Making map apps is a tough challenge. Of course, Google and to a lesser extent Apple have cracked the formula, but both companies use massive datasets. That's why some big tech players, such as Meta, Microsoft, TomTom, and Amazon, joined forces under the Linux Foundation to create a new initiative for mapping the world. Known as the Overture Maps Foundation, the initiative was first announced last December and is now moving to its first version.
The collective of companies realized that they could not compete with Google Maps on their own, but by pooling their data on business locations, satellite imagery, and other features, they could offer a viable alternative for map app developers.
The initiative Overture Maps Foundation has just released its first alpha version of its mapping data. It includes millions of data points for buildings, roads, and geographic boundaries. It's only the beginning of a huge project that aims to collect and update more data from different sources and regions.
The leader of the Overture Maps Foundation is Marc Prioleau, who has a long history in the mapping industry. He worked on GPS technology in 1995, and later on location-based services for Meta and Uber. He knows how hard it is to keep up with the changes in the world, such as new businesses opening and closing, or new roads being built or closed.
What Overture Maps Foundation Currently Offers
The first Overture release has about 59 million points of interest (POIs), which are places that people might want to visit or know about. These POIs have not been available as open data before. The release also has about 750 million building footprints, which show the shape and size of structures. The road data is mostly based on OpenStreetMap, a crowdsourced project that anyone can contribute to.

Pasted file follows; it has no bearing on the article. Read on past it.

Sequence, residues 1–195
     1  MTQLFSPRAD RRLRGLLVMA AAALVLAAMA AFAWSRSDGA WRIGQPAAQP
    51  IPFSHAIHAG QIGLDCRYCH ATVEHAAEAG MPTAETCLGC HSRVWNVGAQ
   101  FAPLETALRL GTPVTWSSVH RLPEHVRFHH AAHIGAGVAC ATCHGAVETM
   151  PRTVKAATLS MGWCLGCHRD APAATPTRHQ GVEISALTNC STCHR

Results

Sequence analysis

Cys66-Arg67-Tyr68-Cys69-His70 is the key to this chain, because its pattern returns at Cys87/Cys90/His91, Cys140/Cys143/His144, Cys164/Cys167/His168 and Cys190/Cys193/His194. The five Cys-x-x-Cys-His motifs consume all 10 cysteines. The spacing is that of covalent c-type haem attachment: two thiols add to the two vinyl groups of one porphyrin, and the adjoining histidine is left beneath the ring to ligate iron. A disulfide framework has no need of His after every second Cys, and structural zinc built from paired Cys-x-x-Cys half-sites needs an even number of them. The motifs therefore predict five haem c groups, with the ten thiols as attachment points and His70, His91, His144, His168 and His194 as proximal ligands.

Speaking to Gizmodo, Prioleau said that the POI data covers about 60 to 70% of the world, but he hopes to reach between 80 and 100 million places in the future. He said that too many POIs would include irrelevant or outdated information, but too few would miss important locations, especially in less mapped countries.
The building data is pretty comprehensive, according to Prioleau. He claims that most of it came from Meta and Microsoft, who shared their data from Facebook, Instagram, and Bing Maps. However, there were some duplicates that had to be removed. The Overture director adds that they plan to add more building data from other sources in different continents.
The road data is different from the other two types of data, because it relies heavily on OpenStreetMap.If you're unfamiliar with OpenStreetMap, it is a free map of the world that is open source. It can be publicly edited and is a community project. Major mapping companies leverage OpenStreetMap data, including Microsoft Bing Maps.
Prioleau says that Overture has modified and standardized the data from OpenStreetMap to make it easier to use and more accurate. He claims OpenStreetMap has some advantages over Google's approach of spending billions on maintaining its own map data.